After much delay (like MUCH delay) Photosynth has finally launched. For those who haven't seen the TED video or the Live Labs blog, this is a piece of software out of Microsoft Live Labs that allows you and I to create 3D panoramas from a series of still images. Download the app, upload your images and you can view a 3D representation of the environment you photographed. No need to carefully line up the shots - this isn't a regular panorama - the app does it all for you.
I won't go into all the point cloud geometry craziness, but the algorithms it runs to create these worlds are very cool.
I first saw it quite a while ago in Seattle, demonstrated by Blaise Aguera y Arcas, who was brought in on the project to add some Seadragon goodness to some tech that at that point was called Photo Tourism - a research project by Noah Snavely, Steven M. Seitz, Richard Szeliski out of Washington University.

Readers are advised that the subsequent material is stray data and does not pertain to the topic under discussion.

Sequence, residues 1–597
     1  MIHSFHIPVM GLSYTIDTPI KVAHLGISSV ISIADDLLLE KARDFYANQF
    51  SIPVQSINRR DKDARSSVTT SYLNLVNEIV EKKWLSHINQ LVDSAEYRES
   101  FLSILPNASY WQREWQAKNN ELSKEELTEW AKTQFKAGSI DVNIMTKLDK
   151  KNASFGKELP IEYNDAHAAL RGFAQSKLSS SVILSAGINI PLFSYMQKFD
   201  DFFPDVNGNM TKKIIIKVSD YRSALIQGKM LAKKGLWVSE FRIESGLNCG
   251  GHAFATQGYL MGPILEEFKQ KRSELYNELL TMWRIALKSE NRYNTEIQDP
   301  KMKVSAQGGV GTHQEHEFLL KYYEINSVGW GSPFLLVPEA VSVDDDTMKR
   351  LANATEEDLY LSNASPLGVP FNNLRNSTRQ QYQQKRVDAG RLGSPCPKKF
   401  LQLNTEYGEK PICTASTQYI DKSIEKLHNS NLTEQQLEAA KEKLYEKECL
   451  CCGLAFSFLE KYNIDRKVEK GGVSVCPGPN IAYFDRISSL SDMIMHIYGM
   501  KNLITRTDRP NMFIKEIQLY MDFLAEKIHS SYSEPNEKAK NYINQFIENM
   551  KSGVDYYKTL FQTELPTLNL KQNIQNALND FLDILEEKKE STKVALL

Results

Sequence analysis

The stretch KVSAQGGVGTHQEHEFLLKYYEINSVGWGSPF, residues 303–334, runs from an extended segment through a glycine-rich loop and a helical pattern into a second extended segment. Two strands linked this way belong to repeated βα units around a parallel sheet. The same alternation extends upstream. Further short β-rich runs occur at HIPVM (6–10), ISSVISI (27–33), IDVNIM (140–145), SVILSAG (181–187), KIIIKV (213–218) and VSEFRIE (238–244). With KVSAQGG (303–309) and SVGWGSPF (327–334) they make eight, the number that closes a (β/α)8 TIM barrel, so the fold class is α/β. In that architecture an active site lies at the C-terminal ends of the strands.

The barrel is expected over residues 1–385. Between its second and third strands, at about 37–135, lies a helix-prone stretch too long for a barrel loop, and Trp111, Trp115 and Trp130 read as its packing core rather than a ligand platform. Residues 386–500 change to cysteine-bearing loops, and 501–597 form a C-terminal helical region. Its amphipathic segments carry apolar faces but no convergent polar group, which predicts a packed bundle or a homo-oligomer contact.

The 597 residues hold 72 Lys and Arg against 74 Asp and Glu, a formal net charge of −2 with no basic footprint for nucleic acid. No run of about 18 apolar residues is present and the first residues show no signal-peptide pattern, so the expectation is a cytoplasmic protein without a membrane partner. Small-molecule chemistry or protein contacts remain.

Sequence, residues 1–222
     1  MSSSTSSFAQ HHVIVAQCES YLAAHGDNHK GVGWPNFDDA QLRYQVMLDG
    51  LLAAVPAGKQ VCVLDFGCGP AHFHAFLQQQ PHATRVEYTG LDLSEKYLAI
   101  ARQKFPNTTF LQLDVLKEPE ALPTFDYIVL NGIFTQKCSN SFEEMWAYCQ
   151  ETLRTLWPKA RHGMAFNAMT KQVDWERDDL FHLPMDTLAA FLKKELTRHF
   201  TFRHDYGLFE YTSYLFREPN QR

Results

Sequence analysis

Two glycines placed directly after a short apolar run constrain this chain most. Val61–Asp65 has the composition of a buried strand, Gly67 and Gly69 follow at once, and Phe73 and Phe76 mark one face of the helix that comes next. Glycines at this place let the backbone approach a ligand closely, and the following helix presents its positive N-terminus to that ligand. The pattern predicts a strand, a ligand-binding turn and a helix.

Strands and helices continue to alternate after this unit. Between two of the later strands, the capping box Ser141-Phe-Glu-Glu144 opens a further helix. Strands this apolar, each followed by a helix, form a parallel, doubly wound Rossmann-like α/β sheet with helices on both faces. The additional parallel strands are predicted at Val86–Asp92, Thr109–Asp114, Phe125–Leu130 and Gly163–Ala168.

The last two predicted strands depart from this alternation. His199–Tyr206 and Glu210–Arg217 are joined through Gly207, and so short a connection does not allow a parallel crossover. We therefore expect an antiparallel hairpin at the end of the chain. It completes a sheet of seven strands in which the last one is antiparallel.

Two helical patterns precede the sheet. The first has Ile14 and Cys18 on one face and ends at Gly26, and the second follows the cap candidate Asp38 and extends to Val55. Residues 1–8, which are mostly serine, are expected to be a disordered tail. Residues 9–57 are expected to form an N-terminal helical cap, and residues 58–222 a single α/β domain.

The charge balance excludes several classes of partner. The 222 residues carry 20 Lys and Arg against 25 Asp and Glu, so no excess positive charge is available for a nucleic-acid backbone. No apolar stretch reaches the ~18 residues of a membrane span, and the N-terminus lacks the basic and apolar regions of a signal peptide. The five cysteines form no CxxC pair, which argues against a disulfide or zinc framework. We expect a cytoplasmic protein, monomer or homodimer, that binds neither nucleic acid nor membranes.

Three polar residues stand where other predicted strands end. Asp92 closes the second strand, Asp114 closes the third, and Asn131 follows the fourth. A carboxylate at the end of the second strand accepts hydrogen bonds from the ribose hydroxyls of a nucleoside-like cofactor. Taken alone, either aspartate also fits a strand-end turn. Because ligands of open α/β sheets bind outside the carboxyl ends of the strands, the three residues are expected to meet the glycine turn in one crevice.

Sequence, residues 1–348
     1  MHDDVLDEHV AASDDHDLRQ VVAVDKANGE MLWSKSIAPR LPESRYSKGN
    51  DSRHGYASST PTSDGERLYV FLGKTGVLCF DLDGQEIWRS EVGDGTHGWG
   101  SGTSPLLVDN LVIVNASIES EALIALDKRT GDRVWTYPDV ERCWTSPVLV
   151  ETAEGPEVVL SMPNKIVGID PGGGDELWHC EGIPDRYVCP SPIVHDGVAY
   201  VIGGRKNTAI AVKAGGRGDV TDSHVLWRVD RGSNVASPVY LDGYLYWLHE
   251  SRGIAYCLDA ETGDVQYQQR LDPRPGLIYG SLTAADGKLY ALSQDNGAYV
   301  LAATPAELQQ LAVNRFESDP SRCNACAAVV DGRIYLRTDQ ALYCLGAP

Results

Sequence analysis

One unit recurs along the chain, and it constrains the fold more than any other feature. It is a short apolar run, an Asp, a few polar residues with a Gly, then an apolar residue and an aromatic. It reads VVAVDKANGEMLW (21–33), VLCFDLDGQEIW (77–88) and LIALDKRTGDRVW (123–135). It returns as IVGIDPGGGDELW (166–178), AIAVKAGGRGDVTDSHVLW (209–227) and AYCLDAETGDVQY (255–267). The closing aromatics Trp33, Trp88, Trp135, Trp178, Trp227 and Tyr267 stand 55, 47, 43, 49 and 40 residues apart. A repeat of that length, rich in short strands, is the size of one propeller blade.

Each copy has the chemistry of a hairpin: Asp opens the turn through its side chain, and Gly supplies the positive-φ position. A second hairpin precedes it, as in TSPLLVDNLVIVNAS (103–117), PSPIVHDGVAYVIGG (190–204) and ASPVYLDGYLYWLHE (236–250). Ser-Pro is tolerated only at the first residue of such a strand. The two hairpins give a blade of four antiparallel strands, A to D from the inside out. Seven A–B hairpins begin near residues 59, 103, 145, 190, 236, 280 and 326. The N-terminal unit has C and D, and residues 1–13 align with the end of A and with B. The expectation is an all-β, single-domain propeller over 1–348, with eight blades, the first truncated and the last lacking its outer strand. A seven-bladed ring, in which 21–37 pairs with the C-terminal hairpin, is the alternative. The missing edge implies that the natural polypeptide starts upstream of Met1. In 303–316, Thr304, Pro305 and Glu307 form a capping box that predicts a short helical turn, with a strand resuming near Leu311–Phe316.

Seadragon has spawned Deep Zoom, which I blogged about a while ago and Photosynth is now in the wild with some very interesting first synths. I especially like the Potting Shed.
A few things jump out at me:
- this is still an early iteration - stand by for slicker versions to come.
- in the early days it took a cluster of PCs weeks to generate a synth - now your PC does it in minutes. This is where a lot of the effort has gone over the last two years - tedious but critical optimisation.
- Live Labs is designed to develop great technology, not necessarily to monetise it or even give it too much direction. After the thrill of recreating your own toilet in 3D has worn off, people should come up with incredible scenarios where this technology does things that are otherwise impossible.
- it isn't QTVR - this really does create a 3D space.
- why doesn't this leverage the traction that Silverlight got over the Olympics?
So for libraries and museums you could see a variety of applications from the virtual desk of a writer, to a virtual gallery. Or how about trawling your archives for photographs of a long-demolished building and recreating it?
Keep an eye on this one. QuickTime 1.0 was 160x120 12fps, 8 bit colour. From there to setting the standards for YouTube and having HD movies on demand was quite a journey. This one might be too.